message

Tressell would be horrified at the betrayal of Socialist policies by our local MP and the rest of New Labour


message

A very special site - special, because 'The Ragged Trousered Philanthropists' is, itself, a very special book!

I was fortunate enough to aquire an unabridged version (at a car boot sale for only 20p) - which I could not put down when I commenced reading it.

Although a child of the 1950's, I saw for myself the last vestiges of the slums, the sunless courtyards, the communal toilets and caught the echo of children coughing themselves to death in damp basement rooms!.

As I read the book, my heart seemed to empathise with all that Tressell wrote - I had felt these things from an early age and recognised, in the pages of this remarkable work, an expression of my own longings and desires.

In an age of 'Champagne Socialists', with 'spin doctors' and Media Consultants' a. seemingly, indispensible part of the Socialist machime, it behoves us all to re-read the simple words of Tressell and recapture the essence of our beliefs.


message

re-organised my paperback library and re-read Alan Sillitoe's introduction to the 1965 Panther Books reprint.The cover has aphoto taken from theBBC2 Theatre 625 production. Sillitoe's words still true today-more people became socialists from reading this book than any other.


message

I've just started to read "The Ragged Trousered..." and can't believe how simular the book is to my own experience of working for a builders.


message

Your organisation introduced me to 'The Ragged Trousered Philanthropists'. Thank you very much. It is a wonderful book, and I would urge publishers to consider reprinting the Ball biography.


message

A brilliant book- everyone shouldread it!


message

Nice to see the web site. Heard about you from a leaflet picked up at the Wedgwood Memorial College at Barlaston, Staffs (I was there for a Workers' Esperanto Movement congress).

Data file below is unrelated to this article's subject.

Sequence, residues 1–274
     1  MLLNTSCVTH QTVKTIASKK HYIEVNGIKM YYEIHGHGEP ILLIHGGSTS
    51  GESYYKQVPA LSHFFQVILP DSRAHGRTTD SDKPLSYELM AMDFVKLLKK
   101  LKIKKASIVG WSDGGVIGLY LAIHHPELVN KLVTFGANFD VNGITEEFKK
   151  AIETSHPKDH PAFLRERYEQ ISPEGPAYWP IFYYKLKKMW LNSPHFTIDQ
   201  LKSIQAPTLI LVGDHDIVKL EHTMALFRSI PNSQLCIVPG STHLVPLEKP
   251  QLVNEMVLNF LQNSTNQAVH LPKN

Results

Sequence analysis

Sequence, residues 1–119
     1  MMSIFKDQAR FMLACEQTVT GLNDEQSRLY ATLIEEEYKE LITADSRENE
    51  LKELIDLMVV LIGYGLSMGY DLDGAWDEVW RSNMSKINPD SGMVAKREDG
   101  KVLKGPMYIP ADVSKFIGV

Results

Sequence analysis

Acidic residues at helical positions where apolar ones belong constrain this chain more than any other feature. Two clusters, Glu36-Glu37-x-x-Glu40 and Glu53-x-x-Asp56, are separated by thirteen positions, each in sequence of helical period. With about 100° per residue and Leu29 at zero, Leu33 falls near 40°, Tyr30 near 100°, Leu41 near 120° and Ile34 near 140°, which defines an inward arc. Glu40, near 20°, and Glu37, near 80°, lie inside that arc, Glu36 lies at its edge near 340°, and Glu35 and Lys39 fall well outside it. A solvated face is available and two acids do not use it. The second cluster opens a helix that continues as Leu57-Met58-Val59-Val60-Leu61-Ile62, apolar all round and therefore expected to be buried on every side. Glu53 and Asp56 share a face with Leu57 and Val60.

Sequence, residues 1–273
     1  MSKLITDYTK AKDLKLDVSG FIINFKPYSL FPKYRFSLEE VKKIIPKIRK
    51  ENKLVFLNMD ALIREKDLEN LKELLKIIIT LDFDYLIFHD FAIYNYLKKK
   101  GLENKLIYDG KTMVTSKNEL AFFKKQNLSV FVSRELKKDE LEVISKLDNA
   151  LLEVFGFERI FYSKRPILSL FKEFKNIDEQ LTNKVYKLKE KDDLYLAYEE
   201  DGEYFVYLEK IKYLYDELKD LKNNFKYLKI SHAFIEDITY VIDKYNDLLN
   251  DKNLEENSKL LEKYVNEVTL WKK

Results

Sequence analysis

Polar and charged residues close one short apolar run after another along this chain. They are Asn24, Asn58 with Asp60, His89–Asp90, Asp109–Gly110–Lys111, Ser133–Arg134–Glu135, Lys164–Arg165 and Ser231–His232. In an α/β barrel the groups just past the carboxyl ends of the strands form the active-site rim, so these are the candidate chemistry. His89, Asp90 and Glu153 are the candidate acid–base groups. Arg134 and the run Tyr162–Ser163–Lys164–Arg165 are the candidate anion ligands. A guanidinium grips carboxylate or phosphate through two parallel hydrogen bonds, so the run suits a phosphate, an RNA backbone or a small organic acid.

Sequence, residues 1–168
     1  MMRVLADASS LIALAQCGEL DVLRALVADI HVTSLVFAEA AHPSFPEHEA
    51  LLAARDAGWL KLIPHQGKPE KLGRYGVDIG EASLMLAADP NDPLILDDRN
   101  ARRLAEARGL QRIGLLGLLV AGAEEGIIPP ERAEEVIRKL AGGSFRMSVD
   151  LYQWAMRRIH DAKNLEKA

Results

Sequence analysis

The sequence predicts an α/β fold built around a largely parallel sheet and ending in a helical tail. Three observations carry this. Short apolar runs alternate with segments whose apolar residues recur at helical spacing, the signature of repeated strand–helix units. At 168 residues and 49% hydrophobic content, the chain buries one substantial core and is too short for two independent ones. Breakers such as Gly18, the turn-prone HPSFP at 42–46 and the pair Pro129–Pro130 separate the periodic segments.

message

I am an independent publisher and a socialist. I may be interested in re-publishing "One of the Damned". What is the position on the copyright of The Ragges Trousered Philanthropists? I don't like the idea that the Murdoch-owned Harper Collins are currently the only ones with an edition out, and at £9.99 too. Can you help with any information? Thanks. Jim Driver


message

fantstic book has changed my life


message

http://savedakahuna.homestead.com/home.html


message

I remember the BBC film in the 60's and would be interested to know if anyone has a copy. Also the book by Fred Ball - I would be interested when this is re-published.


message

Quality site


message

Perhaps this web thing can be put to worthwhile use after all!


message

A very informative site - I never realised he was Irish! It was actually the BBC adaptation in 1967 which made me go out and buy the book. I didn't realise they'd wiped the tapes. Do you know that they've kept a copy of every `Trooping of the Colour` that's been televised? As if they're ever any different.


message

1. would like to express interest in "one of the damned"

2. Could you advise whether "The Ragged Trousered Philanthropists" has been translated into German ?? If yes please remit title & under which name the author ? (Tressell or noonan ?)


message

Really interesting pages - well done! I too am keen to get hold of a copy of 'One of the Damned'; all secondhand searches have so far proved fruitless !


message

I have been searching for a copy of The Ragged Trousered Philanthropists for years - any idea how I might come by one ?


message

pleased to find this site

all the best

j a shelton


message

As a (working class) native of Sussex and a lifelong trade union member, I have (amongst other things) "served" as a Eurocrat for 25 years here in Brussels. I am being asked now, as I approach my retirement, for my reflections on my working life. I naturally refered to the "R.T.Ph".which has always remained a significant influence...it is, as far as I can see, not widely available outside England. Discovering your (excellent) website for the first time today.....I shall do my best to rectify this.....All the best..and Good Luck......Vince Fuller`